Benefits Of Hospital At Home Unclear For Early Discharge Patients

Ruzanna Harutyunyan's picture
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Faced with a shortage of beds and costly patient care, some hospitals are turning to programs that provide acute care for patients at home. However, there is not yet enough information to know whether these “hospital at home” programs improve health and reduce costs for patients discharged early from the hospital, according to a new research review.

A few such programs exist in the United States, including one developed by Johns Hopkins researchers in 2002.

After analyzing 26 studies of early discharge patients recovering from a stroke, surgery or a mix of conditions, University of Oxford researcher Sasha Shepperd and colleagues say it’s unclear whether hospital-at-home programs increase or reduce the risk of death or readmission to the hospital.

However, stroke patients and older patients with a mix of medical conditions who participated in a hospital-at-home program were less likely to be in nursing home care six months after the program ended, the researchers found.

Early discharge patients were also more satisfied with their care than those who remained in the hospital, but “there is little evidence of cost savings to the health care system of discharging patients early to hospital-at-home care,” Shepperd said. Most of the studies analyzed for the review occurred in the United Kingdom.

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The review appears in the latest issue of The Cochrane Library, a publication of The Cochrane Collaboration, an international organization that evaluates medical research. Systematic reviews like this one draw evidence-based conclusions about medical practice after considering both the content and quality of existing medical trials on a topic.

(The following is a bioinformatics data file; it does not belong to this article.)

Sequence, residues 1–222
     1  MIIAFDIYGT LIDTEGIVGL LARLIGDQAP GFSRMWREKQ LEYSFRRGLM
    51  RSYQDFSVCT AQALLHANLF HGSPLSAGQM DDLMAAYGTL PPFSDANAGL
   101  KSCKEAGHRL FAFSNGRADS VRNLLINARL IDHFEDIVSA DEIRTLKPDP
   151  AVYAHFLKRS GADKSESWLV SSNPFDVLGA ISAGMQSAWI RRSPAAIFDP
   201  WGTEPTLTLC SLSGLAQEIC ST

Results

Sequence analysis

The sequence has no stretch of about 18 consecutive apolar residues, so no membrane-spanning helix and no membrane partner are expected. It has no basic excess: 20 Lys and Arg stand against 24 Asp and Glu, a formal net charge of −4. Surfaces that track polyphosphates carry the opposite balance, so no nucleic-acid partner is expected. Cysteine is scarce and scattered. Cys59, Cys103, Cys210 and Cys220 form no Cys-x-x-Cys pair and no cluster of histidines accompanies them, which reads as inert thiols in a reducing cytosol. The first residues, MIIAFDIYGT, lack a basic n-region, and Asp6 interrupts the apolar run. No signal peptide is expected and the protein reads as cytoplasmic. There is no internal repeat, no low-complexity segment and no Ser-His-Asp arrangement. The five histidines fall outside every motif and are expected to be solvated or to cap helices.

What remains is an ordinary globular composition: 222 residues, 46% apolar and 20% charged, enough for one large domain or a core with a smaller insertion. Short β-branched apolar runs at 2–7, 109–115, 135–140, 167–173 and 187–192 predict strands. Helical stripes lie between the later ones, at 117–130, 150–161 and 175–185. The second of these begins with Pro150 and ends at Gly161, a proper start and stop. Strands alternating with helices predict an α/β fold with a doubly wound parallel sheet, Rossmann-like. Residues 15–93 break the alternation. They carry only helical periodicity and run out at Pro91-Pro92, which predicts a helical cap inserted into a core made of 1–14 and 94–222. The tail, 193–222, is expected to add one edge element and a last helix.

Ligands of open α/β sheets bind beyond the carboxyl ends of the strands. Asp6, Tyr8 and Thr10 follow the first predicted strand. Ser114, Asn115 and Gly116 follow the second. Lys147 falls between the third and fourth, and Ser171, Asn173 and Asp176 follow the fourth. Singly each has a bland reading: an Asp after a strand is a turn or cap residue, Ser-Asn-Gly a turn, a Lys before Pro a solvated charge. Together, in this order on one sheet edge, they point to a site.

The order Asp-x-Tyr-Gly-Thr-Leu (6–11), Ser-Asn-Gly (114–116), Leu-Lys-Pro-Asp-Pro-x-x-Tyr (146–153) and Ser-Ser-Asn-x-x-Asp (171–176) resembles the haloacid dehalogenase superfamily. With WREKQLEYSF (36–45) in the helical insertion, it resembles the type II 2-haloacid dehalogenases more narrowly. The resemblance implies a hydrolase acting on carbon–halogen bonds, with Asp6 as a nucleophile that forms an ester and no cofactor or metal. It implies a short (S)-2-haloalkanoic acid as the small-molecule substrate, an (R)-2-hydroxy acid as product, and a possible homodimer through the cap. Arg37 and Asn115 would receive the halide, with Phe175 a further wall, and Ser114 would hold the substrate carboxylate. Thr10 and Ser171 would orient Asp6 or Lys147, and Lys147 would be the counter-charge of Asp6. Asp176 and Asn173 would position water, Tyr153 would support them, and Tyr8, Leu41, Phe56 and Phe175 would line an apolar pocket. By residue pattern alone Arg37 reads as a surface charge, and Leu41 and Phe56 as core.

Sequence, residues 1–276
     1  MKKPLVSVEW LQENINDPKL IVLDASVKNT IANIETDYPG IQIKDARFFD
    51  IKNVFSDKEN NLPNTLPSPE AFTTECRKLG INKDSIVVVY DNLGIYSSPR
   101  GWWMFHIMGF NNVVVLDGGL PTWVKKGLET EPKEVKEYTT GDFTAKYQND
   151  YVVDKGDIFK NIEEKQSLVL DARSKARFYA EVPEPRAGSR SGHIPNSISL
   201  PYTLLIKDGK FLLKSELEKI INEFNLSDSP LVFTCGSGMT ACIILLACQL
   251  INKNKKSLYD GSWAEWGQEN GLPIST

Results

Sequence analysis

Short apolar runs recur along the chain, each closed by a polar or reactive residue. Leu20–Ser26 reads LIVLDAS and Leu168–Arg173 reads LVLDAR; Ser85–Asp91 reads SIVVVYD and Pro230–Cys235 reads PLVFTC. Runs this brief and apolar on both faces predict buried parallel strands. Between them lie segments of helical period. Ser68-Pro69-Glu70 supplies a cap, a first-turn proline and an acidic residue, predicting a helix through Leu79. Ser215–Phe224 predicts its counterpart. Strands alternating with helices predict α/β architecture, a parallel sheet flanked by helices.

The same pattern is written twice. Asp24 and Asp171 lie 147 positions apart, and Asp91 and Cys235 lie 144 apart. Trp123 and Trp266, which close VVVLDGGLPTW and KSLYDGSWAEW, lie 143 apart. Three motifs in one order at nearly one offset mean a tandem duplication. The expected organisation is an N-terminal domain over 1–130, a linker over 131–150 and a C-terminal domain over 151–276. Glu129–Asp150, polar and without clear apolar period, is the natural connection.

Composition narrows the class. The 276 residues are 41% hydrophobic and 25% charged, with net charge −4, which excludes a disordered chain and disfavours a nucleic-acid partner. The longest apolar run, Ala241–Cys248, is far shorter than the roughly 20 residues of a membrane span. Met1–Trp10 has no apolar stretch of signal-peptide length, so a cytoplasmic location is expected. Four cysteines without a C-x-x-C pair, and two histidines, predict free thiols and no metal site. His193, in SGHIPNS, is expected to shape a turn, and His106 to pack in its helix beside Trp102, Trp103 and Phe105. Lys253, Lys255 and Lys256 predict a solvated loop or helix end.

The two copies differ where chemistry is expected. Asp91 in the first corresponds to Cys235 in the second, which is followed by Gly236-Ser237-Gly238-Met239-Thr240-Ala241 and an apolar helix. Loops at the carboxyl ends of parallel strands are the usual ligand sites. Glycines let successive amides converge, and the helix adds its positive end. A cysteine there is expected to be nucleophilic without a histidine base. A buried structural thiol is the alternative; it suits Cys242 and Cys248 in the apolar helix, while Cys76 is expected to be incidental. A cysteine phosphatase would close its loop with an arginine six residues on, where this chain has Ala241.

Unlike programs that discharge a patient with instructions to care for herself, or those that send a nurse or other health care worker to the home for follow-up care, hospital-at-home programs provide acute care that normally would take place in a hospital. Patients usually receive daily visits from a doctor, and can receive services such as X-rays, electrocardiograms or intravenous medication at home.

The Cochrane review “does not support the widespread development of early discharge hospital-at-home services” as a less expensive alternative to regular hospital care, but the programs examined by the researchers do not appear to be "so overly expensive or harmful to patients that existing programs should be discontinued,” Shepperd said.

Some hospital-at-home programs might also relieve a caregiver’s burdens, said Bruce Leff, M.D., an associate professor of medicine at The Johns Hopkins University School of Medicine, and one of the developers of the American Hospital at HomeSM model program.

“We have studied the issue of caregiver stress and have found that it is lower for family members of hospital-at-home patients than for typical hospital patients,” Leff said, while noting that not all hospital-at-home programs eliminate the need for non-professional care at home.

The American Hospital at Home program is in use at Presbyterian Healthcare Services in Albuquerque, N.M., and the Portland Veteran Affairs Medical Center in Oregon.

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